User Tag List

View Poll Results: Do political parties do more harm than good?

Voters
18. You may not vote on this poll
  • Yes

    12 66.67%
  • No

    6 33.33%
First 1234 Last

Results 11 to 20 of 31

  1. #11
    not to be trusted miss fortune's Avatar
    Join Date
    Oct 2007
    Enneagram
    827 sp/so
    Posts
    20,130

    Default

    and our country's practice of electing only one representative from each district further entrenches the two party system in this country since the two primary political parties have all of the funding and other political parties don't stand a chance. In countries with multi-member districts more than two different political parties tend to flourish!

    (thanks RM- you covered some of what I was leaving out for the sake of brevity! I'm really too lazy to type much )
    Last edited by miss fortune; 11-25-2007 at 07:57 PM. Reason: clarify that I wasn't being sarcastic for once!
    “Oh, we're always alright. You remember that. We happen to other people.” -Terry Pratchett

  2. #12

    Default

    There ARE other parties here. They just don't get a lot of backing since they are seen as "throwing away your vote." (BTW, I will continue to throw away my vote).

    Even in coalition gov't it seems like the major fight is between the ruling and opposition parties.

    I don't think institutionalizing parties through a parliamentary system is that good an idea. IMO that the U.S. system is better then the parliamentary way.

    Since parties weren't intended, I think they should be cut out completely (by legal means) from the campaigning and promotion of individuals for particular positions. IMO, that this would be ideal.

    Right now, the two big parties are more election media machines with loyalties based on family/political history than groups of like minded people with similar ideals, platforms, or issues.

    Parties would still be allowed to campaign and promote ideas, and sell people on their particular beliefs. But any mention of electing so-an-so to such-and-such office should be illegal.

    Accept the past. Live for the present. Look forward to the future.
    Robot Fusion
    "As our island of knowledge grows, so does the shore of our ignorance." John Wheeler
    "[A] scientist looking at nonscientific problems is just as dumb as the next guy." Richard Feynman
    "[P]etabytes of [] data is not the same thing as understanding emergent mechanisms and structures." Jim Crutchfield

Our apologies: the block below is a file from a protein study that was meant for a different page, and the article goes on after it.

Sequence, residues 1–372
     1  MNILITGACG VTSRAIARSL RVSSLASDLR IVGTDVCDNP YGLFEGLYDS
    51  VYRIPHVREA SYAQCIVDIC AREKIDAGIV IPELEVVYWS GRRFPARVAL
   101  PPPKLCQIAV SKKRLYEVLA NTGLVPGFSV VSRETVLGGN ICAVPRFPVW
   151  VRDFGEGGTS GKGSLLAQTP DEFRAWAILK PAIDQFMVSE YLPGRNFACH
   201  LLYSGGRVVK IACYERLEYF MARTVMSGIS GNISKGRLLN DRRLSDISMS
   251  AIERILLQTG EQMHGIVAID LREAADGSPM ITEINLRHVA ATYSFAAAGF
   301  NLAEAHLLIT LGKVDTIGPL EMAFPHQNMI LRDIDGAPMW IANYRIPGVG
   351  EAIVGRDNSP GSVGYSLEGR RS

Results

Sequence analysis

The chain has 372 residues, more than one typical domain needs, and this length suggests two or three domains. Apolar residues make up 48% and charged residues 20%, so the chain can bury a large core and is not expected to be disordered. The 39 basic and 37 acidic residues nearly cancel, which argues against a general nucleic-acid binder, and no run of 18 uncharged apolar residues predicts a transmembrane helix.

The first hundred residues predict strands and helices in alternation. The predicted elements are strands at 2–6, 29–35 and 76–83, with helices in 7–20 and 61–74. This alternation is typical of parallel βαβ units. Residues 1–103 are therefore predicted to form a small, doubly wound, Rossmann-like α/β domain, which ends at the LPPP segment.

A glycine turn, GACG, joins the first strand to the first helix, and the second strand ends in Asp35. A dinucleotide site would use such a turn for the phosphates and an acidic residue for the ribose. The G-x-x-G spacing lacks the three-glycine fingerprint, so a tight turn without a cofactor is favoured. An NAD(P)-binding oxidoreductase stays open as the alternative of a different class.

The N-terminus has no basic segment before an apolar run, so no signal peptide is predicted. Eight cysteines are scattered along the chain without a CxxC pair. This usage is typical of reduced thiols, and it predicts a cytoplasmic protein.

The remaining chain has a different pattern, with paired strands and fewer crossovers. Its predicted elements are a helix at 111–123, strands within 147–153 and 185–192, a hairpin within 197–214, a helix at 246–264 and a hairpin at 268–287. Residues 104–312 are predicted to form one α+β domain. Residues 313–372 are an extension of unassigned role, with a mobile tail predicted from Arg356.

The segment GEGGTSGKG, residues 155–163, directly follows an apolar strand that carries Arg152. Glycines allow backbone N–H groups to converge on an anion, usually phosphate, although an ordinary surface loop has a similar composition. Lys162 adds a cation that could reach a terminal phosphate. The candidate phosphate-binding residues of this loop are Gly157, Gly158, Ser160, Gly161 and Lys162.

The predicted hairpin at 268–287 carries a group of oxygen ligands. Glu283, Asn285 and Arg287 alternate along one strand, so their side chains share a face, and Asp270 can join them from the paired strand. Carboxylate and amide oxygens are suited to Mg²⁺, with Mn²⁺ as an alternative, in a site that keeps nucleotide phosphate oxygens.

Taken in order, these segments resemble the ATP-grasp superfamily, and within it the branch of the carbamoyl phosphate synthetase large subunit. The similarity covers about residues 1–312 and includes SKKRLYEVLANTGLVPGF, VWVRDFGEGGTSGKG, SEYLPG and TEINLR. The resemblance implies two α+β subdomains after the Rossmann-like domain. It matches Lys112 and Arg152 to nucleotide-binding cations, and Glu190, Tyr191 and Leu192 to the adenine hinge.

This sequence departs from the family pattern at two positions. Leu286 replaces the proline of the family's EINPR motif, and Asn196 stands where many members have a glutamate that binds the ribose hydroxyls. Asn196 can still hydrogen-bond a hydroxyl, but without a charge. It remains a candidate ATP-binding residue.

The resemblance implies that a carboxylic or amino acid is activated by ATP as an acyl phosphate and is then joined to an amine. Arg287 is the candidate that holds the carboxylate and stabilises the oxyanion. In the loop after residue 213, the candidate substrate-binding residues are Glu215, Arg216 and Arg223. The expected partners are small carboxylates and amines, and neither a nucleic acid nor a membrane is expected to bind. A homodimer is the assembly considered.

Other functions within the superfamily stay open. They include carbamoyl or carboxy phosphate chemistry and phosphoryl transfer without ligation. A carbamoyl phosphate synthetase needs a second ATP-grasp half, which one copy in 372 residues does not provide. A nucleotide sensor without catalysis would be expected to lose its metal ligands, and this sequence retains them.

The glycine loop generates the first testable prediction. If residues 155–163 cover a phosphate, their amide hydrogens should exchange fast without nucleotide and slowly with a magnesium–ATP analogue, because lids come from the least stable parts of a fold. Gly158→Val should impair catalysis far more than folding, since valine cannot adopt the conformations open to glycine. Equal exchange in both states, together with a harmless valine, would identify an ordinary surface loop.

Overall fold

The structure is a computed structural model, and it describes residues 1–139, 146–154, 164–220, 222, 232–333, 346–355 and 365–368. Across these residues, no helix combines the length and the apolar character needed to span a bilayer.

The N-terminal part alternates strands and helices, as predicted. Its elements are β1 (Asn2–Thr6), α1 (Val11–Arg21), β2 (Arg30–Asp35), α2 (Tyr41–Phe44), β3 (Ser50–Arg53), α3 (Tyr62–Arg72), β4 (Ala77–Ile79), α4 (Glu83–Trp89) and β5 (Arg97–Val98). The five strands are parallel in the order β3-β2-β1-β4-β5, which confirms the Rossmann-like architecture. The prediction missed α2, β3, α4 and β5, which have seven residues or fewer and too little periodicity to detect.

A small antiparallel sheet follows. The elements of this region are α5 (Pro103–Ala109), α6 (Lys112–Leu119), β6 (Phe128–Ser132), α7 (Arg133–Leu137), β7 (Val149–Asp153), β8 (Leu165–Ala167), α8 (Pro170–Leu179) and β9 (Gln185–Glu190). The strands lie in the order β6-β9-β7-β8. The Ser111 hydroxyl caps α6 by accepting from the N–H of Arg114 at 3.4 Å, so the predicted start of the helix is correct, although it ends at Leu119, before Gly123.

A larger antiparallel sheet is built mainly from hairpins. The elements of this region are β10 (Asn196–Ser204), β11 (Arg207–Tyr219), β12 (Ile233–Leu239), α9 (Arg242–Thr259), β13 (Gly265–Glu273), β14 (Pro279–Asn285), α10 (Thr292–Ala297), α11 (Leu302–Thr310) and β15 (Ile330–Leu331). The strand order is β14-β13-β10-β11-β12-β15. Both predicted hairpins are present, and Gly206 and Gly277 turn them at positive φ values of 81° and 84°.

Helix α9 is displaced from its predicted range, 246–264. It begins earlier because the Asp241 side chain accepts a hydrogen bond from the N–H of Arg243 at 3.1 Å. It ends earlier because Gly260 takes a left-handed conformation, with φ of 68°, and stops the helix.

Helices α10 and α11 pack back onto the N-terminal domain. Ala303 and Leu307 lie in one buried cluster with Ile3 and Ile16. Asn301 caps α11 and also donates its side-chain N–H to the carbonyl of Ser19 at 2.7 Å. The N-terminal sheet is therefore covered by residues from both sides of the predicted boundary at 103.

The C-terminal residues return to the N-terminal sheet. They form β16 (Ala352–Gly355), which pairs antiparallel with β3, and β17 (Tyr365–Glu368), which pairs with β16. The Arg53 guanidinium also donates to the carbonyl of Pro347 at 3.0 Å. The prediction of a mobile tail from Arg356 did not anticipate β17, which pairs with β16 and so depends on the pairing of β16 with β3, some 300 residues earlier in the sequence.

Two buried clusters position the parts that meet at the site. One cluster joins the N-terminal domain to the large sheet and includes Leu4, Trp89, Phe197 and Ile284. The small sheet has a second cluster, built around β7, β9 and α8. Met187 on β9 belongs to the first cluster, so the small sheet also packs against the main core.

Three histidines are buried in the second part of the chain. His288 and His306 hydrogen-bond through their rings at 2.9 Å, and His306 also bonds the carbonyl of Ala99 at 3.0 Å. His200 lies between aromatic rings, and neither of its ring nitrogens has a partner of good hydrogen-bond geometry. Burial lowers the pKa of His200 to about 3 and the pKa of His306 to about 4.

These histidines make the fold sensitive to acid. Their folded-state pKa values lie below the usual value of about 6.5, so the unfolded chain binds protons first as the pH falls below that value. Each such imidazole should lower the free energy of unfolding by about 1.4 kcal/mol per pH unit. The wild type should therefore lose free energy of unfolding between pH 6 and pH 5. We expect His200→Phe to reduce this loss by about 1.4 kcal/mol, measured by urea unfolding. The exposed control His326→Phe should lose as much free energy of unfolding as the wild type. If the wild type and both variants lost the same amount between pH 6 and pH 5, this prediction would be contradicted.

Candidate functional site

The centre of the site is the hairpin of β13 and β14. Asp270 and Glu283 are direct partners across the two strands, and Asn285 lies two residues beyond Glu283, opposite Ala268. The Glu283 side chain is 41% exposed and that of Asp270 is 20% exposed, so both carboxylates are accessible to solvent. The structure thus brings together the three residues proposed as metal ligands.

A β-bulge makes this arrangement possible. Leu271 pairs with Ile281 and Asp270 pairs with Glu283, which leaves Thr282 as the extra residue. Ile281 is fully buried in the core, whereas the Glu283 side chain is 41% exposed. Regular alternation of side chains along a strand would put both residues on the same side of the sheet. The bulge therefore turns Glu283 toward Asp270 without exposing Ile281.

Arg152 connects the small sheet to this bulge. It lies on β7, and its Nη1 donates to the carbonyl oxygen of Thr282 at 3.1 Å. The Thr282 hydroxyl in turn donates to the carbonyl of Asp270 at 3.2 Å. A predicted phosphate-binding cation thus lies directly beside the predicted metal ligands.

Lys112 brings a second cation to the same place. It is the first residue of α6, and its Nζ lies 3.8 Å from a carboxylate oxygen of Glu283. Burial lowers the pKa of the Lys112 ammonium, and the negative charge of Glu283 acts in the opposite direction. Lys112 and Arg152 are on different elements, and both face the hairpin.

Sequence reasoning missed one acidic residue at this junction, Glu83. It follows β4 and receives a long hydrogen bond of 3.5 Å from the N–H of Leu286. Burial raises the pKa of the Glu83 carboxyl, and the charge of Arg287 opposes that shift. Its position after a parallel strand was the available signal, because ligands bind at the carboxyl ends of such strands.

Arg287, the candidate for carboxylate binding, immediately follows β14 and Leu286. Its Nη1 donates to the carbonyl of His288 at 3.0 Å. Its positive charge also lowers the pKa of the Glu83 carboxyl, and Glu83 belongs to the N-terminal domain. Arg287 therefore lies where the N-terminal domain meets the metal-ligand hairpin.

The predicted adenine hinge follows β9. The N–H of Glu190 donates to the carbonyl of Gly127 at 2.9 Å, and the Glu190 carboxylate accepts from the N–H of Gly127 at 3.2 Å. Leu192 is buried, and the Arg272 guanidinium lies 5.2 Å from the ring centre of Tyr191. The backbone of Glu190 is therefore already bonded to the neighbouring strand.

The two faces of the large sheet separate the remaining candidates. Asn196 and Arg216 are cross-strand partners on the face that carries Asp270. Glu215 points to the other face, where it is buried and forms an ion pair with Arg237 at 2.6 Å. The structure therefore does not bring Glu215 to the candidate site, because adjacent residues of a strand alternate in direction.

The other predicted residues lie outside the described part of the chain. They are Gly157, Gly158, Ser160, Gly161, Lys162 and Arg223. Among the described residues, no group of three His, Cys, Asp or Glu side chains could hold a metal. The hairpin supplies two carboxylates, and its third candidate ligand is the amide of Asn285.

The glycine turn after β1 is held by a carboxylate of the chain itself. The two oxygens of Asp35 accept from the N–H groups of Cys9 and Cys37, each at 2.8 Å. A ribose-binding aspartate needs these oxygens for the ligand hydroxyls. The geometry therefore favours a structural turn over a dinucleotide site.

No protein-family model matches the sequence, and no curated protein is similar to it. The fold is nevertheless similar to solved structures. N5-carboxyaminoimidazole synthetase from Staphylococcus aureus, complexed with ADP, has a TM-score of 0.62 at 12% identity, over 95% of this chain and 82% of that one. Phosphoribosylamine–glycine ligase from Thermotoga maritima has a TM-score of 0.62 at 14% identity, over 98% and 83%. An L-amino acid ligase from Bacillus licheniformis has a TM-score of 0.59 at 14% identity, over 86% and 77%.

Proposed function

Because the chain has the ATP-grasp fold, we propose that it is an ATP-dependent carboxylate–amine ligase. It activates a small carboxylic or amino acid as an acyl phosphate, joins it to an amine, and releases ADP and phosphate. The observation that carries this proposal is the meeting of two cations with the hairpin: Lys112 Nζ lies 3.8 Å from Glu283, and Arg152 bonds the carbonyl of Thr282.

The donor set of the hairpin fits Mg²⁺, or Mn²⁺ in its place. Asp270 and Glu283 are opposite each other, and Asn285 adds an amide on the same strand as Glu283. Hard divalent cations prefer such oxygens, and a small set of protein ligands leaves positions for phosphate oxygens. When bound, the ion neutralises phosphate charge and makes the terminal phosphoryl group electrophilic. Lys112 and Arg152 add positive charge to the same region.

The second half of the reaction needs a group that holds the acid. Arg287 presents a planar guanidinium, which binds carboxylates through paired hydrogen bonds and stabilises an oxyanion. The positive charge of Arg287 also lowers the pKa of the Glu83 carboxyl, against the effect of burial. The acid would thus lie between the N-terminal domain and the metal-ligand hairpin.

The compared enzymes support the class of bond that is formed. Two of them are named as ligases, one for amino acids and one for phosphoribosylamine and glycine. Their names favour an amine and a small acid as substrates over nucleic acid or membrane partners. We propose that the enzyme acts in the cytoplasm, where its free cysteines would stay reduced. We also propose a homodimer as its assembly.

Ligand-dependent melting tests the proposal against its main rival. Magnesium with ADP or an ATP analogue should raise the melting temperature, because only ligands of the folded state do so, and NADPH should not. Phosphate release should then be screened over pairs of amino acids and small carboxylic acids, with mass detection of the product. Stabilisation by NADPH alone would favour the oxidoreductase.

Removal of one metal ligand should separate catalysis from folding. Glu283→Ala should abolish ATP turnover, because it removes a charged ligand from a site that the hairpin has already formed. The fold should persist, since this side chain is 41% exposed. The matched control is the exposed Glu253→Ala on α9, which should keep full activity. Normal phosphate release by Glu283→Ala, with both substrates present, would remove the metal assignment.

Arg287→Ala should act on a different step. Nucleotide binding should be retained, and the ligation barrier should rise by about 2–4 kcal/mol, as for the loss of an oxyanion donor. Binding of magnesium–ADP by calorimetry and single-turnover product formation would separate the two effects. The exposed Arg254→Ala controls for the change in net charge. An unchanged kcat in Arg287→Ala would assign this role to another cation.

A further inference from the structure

3. #13
    Senior Member Roger Mexico's Avatar
    Join Date
    Nov 2007
    MBTI
    INTP
    Posts
    131

    Default

    Quote Originally Posted by ygolo View Post
    There ARE other parties here. They just don't get a lot of backing since they are seen as "throwing away your vote." (BTW, I will continue to throw away my vote).

    Even in coalition gov't it seems like the major fight is between the ruling and opposition parties.

    I don't think institutionalizing parties through a parliamentary system is that good an idea. IMO that the U.S. system is better then the parliamentary way.

    Since parties weren't intended, I think they should be cut out completely (by legal means) from the campaigning and promotion of individuals for particular positions. IMO, that this would be ideal.

    Right now, the two big parties are more election media machines with loyalties based on family/political history than groups of like minded people with similar ideals, platforms, or issues.

    Parties would still be allowed to campaign and promote ideas, and sell people on their particular beliefs. But any mention of electing so-an-so to such-and-such office should be illegal.
    Creates a myriad of constitutional issues. Again, how are you going to prevent people from associating and cooperating?

  4. #14
    Furry Critter with Claws Kiddo's Avatar
    Join Date
    Sep 2007
    MBTI
    OMNi
    Posts
    2,790

    Default

    I think we would be half way there if we dissolved the electoral college.

  5. #15
    not to be trusted miss fortune's Avatar
    Join Date
    Oct 2007
    Enneagram
    827 sp/so
    Posts
    20,130

    Default

    Quote Originally Posted by Kiddo View Post
    I think we would be half way there if we dissolved the electoral college.
    I could hug you for saying that! (and I don't hug anyone!)
    “Oh, we're always alright. You remember that. We happen to other people.” -Terry Pratchett

  6. #16
    Protocol Droid Athenian200's Avatar
    Join Date
    Jul 2007
    MBTI
    INFJ
    Enneagram
    4w5
    Posts
    8,828

    Default

    Quote Originally Posted by Kiddo View Post
    I think we would be half way there if we dissolved the electoral college.